What you can say instead: “My deepest condolences.” Or “My thoughts and prayers are with you.”
“I Know How You Feel”
“I know how you feel,” is one of those common phrases well-intentioned people say to others who have recently lost a loved one. But the widows and widowers we spoke with prefer it unspoken. Because even if you have the shared experience of losing someone, you can’t assume your experience is universal.
“The process of grieving is as unique as every personality that exists,” says Snedeker.
So what to say instead? “I can only imagine how you are feeling right now.” Or, “I don’t know how you feel, but I know how I felt when I lost my husband, and I want you to know I am here for you if you want to talk.”
“It Was Her Time”
This is one of those condolence cliches well-intentioned people say that can backfire on them.
The widows and widowers we talked to agreed this is a no-no and such a statement can seem like a slap in the face for a grieving person to hear.
To the person who is left behind, no time is the right time for their best friend to die.
“He Had a Long Life”
Death, of course, is inevitable, so some well-intentioned people may judge a death late in life to be somewhat of an achievement. These are the sorts of thoughts to be kept to oneself, our widows and widowers report.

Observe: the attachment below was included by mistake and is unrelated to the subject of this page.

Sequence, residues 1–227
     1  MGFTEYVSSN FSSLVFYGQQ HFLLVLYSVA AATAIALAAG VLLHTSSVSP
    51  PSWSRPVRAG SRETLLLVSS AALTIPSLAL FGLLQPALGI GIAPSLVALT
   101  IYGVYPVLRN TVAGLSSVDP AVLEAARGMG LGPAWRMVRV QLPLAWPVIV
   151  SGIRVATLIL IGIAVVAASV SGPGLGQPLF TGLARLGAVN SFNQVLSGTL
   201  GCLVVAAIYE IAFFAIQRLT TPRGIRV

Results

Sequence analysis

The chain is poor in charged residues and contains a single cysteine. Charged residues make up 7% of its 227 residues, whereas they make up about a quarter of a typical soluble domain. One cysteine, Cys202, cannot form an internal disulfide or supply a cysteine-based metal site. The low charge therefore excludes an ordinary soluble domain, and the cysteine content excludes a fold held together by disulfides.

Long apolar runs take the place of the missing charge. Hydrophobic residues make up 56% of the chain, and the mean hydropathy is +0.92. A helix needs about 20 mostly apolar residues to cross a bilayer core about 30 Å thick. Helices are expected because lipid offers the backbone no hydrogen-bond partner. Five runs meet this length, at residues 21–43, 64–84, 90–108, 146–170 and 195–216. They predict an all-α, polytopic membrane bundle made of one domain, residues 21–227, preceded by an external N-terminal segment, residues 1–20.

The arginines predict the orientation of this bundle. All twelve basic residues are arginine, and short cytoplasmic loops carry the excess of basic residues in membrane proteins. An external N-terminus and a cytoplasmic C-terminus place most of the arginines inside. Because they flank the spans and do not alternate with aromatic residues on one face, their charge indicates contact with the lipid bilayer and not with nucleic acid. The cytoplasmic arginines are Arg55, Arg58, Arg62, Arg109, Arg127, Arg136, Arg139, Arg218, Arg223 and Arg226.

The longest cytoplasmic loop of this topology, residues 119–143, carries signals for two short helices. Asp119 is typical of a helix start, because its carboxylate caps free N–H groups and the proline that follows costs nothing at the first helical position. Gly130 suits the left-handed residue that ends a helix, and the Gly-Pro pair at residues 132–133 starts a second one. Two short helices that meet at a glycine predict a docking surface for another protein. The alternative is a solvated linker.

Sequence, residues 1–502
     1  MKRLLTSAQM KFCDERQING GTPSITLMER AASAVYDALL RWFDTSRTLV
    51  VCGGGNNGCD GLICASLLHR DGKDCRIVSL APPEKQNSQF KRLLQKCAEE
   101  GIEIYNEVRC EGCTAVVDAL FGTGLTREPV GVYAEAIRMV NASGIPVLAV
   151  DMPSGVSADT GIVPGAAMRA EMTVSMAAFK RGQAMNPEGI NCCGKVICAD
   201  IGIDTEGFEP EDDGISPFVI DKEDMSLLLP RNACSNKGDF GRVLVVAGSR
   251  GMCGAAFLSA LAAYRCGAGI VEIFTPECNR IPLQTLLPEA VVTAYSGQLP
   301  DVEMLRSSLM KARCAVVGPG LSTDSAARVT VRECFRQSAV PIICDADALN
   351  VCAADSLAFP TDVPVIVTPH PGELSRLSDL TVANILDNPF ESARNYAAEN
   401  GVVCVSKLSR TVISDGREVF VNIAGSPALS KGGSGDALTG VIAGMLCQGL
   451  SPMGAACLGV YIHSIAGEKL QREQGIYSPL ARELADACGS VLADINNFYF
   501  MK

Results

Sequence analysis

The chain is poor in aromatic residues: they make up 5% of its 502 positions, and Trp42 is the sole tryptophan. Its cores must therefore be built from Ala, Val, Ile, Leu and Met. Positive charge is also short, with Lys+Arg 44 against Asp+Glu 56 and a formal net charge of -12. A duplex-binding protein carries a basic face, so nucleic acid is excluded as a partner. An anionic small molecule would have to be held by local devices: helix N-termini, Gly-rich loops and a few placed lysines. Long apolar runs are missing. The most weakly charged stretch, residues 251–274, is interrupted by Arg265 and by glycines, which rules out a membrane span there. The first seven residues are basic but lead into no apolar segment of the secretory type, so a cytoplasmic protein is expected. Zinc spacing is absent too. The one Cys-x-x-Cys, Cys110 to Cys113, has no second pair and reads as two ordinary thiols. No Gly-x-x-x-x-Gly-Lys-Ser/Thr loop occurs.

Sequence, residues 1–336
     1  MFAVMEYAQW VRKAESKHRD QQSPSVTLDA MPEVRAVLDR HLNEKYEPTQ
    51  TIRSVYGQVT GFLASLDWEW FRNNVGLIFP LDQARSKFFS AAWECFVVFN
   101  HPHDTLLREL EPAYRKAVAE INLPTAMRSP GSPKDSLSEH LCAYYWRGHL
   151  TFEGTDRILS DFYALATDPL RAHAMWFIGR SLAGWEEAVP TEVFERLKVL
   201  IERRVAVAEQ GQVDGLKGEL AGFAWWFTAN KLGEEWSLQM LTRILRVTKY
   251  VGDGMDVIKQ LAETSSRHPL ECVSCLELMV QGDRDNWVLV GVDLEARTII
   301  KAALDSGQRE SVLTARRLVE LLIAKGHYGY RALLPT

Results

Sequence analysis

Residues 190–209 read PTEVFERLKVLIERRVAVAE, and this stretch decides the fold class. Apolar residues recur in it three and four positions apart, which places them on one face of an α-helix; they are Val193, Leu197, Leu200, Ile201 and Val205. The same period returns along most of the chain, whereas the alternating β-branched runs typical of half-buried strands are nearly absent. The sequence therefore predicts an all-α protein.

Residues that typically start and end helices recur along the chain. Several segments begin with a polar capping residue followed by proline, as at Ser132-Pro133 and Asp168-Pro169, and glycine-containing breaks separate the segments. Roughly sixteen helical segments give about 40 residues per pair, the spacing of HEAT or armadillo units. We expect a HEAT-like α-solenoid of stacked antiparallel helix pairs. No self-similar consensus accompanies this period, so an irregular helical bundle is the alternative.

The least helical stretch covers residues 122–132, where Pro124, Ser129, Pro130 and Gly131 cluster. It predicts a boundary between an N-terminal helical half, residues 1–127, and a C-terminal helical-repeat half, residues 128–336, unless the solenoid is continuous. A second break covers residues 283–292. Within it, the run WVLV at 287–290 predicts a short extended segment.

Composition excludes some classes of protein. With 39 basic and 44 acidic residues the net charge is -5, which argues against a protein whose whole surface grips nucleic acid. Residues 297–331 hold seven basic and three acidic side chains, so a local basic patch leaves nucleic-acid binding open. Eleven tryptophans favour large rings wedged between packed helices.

Griscom recalls a friend who asked her how old her husband was when he died. When she told him, “86,” her friend replied, “Well, he had a pretty good run.”
That was not comforting to Griscom, because, as she points out, “It’s never enough time for the person who’s left. I didn’t want to hear that.”
Avoid these similar condolence cliches:
- “You have your memories.” As Griscom points out, “That’s not what I want. I want the person.”
- “At least he lived a long life, unlike my husband.”
What to say instead: Ask the person to share a story of their loved one.
“You’re So Strong, I Don’t Know How You Do It”
“I don’t want to hear, ‘you are so strong,’ because I’m just holding it together. It’s sort of like ‘well then you can take this and we don’t have to worry about you,'” says Griscom.
Carter, who had two young children when she was widowed, agrees, “People would say that to me and I was like, ‘Well I have kids jumping on me at 6 a.m. I don’t have a choice.'”
Better: “I know you are holding yourself together, but I know how awful it must be inside.”
“You’ll Find Someone Again”
Sometimes, we think we are comforting someone by telling them they’ll find love again, but it is definitely not something to say in the days or weeks after someone’s partner has passed.
Snedeker, for example, said she still felt married for quite some time after her husband’s death. As for Carter, her first thought when people said she’d find someone someday was, “But I don’t want to find someone. I want my old one back.”
It may take a widow or widower a year or more to even consider dating. Some never do. To make an assumption that someone is not whole unless they are partnered up can be insensitive.
Do you have other condolences that you’d like added to this list? What would you like others to know about what to say or what not to say during this time? We’d like to hear your suggestions in the comments below.